There is a condition, to act as a GCM on the LCH Ltd (the UK CCP) where we require non-trading membership of the LSE. So, due to this EU share trading obligation, BNP Paribas Securities Services would no longer be able to maintain this membership and no longer be able to clear trades on behalf of our clients through LCH Limited. That did pose a problem for the industry and there was a lot of discussions with the regulators on what this represents and ESMA did come up with a clarification statement, stating that GCMs (General Clearing Members) are not captured by Share Trading Obligation and they even came up with a revised EU STO that limited to EEA share in all currencies other than GBP on UK trading venues – so essentially a dual listed security traded on the LSE can continue to be traded on the LSE provided that the currency it is traded in is anything other than EURO. This did result in EU based clients either setting up UK entities to trade in EURO on UK venues or solely to trade on EU venues post-Brexit. From a BNP Paribas Securities Services perspective we were able to continue to support our clients both on UK venues and in EU venues.

AC: OK, so we were able to continue acting as a GCM for our clients, that’s good news, but I remember the big story was all about clearing volumes leaving the UK and moving to Europe and the same for trading volumes as well, it was anticipated that a lot of trading activity would leave the UK and move to Continental Europe. Did this actually happen?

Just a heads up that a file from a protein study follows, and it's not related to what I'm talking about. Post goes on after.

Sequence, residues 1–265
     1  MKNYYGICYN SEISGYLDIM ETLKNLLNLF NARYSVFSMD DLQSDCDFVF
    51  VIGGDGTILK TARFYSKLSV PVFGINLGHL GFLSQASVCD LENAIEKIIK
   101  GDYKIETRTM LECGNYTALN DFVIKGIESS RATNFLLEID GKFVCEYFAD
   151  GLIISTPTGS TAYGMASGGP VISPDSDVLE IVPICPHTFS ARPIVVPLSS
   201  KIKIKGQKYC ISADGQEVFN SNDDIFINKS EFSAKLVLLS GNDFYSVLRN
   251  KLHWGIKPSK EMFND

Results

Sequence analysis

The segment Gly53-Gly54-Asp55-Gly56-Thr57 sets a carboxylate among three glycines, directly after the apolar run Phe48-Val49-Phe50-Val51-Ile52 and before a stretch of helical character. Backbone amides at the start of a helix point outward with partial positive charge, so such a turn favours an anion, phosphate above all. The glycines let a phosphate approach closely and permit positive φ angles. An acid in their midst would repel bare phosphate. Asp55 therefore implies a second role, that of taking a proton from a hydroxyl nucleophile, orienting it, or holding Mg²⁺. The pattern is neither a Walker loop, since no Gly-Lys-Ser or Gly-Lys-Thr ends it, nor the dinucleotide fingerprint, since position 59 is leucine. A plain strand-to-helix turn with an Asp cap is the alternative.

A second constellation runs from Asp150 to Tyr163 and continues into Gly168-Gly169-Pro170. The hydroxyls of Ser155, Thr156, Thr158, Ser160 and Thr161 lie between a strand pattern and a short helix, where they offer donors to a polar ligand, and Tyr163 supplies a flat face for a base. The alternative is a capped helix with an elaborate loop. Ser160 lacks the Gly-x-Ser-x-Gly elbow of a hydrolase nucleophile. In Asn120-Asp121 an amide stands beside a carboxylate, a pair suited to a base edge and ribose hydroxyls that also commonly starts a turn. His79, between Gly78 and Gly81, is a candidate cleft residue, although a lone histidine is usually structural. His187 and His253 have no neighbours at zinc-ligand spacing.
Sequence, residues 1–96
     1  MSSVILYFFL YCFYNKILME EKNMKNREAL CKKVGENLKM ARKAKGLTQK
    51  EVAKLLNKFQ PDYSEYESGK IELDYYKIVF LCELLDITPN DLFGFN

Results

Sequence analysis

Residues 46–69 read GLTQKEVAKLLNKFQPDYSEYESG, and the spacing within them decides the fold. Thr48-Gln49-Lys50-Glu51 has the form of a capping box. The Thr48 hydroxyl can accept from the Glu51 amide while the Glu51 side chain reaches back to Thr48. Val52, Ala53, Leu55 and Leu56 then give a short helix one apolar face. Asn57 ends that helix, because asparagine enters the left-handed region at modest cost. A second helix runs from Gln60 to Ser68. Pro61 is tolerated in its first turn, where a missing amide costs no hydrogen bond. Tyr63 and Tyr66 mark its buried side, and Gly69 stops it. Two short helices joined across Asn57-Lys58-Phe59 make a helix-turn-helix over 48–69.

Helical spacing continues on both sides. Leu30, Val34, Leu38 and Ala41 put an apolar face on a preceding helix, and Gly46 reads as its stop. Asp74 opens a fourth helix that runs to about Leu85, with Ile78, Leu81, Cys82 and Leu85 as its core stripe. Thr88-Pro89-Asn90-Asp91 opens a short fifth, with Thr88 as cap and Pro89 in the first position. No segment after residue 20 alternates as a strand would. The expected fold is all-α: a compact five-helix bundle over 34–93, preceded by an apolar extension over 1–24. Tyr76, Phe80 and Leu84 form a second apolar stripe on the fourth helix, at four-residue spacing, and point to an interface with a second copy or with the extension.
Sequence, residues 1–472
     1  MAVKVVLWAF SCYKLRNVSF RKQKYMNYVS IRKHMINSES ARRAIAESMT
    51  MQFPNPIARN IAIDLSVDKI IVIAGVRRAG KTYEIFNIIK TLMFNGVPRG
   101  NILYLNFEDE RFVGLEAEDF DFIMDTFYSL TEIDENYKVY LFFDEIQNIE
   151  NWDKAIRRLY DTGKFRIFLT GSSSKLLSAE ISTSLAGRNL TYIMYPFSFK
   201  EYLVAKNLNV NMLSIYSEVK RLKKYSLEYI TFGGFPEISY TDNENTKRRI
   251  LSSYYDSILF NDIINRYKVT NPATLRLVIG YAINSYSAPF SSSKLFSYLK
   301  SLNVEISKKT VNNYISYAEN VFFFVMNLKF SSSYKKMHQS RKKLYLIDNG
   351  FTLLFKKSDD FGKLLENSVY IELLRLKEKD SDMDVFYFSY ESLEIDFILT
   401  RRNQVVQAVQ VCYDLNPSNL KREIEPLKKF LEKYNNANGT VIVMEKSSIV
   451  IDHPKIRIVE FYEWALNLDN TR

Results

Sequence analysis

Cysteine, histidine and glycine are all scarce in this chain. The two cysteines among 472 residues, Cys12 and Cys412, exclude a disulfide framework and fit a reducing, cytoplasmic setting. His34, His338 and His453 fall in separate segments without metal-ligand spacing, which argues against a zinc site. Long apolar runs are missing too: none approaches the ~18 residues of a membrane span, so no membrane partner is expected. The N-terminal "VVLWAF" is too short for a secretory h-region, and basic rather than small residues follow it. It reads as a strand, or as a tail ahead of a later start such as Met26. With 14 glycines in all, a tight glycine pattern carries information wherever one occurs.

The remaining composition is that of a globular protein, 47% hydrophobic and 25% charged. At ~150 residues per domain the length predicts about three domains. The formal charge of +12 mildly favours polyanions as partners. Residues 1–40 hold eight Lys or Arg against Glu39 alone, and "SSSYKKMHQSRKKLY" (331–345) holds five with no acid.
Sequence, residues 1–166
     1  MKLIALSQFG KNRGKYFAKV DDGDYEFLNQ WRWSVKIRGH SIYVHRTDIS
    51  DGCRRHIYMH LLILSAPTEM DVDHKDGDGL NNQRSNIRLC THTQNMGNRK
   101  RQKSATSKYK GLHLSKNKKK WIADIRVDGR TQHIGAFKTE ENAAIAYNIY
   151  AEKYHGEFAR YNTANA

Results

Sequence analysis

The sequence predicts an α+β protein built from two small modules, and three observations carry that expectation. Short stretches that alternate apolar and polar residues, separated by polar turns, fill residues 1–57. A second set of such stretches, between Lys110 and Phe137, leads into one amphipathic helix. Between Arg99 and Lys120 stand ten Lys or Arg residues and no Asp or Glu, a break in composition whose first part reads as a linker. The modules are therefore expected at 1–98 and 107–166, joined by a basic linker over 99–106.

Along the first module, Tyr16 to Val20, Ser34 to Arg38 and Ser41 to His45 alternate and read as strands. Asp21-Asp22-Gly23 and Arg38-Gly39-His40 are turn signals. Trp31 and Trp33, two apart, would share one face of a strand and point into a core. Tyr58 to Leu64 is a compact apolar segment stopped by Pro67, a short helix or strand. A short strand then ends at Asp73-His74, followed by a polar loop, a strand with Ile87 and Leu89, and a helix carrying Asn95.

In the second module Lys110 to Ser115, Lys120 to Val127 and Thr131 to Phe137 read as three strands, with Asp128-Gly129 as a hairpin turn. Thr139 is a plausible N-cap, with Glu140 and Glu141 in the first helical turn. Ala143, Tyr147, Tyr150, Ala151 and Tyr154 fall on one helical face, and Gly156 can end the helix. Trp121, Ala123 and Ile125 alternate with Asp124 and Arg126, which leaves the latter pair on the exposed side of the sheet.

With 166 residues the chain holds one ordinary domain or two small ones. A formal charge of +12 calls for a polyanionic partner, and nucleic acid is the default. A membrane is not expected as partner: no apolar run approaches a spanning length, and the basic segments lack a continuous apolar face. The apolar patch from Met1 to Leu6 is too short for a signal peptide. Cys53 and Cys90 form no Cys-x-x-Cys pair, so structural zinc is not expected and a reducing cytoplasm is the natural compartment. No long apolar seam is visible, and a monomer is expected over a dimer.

GS: We have naturally seen some flows go to Europe as a result of this change partly due to consolidating liquidities in different venues however it wasn’t as drastic as we envisioned. Whether that’s a reflection of reality or we are just seeing exceptional volumes because of the post-Covid environment, it’s still a bit early to tell but from a BNP Paribas Securities Services perspective in the UK, we have continued to see very high volumes from a trading/clearing perspective and from a settlement perspective so there hasn’t been that much of an impact, if any from what we have seen.

AC: So let’s talk a little bit about Ireland and if I remember rightly there are two issues here. The first one was all about the Irish CSD, why was that a story and what happened here?